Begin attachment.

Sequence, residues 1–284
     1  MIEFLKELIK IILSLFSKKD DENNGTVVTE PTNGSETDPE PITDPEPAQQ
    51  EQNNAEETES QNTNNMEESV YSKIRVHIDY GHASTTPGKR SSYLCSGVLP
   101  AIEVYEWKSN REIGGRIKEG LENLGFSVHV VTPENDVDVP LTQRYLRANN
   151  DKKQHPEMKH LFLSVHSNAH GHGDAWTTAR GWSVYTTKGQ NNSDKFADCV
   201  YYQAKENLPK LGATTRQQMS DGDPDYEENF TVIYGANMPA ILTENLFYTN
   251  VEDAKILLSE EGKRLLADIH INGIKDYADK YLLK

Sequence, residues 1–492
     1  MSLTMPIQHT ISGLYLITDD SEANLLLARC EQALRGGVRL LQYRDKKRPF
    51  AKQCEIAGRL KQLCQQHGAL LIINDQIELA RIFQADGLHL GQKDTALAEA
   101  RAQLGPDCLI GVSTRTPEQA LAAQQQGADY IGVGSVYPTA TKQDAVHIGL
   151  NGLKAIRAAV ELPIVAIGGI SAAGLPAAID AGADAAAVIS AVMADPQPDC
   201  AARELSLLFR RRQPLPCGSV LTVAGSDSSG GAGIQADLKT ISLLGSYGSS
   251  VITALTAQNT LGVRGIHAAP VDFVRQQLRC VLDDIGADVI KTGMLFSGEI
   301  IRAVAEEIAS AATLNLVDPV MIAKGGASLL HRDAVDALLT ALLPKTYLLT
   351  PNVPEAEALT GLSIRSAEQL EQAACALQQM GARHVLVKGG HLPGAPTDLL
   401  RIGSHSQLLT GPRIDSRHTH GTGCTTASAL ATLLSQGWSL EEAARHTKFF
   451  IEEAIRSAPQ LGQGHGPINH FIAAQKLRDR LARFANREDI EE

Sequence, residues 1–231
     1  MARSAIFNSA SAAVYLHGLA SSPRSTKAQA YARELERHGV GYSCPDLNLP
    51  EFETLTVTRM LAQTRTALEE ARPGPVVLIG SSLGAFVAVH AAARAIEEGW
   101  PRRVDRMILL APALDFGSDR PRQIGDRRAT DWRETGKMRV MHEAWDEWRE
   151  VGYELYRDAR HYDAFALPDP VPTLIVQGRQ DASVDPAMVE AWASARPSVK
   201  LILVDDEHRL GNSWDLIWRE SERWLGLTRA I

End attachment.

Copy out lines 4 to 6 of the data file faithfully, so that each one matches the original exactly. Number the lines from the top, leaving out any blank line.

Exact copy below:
   101  AIEVYEWKSN REIGGRIKEG LENLGFSVHV VTPENDVDVP LTQRYLRANN
   151  DKKQHPEMKH LFLSVHSNAH GHGDAWTTAR GWSVYTTKGQ NNSDKFADCV
   201  YYQAKENLPK LGATTRQQMS DGDPDYEENF TVIYGANMPA ILTENLFYTN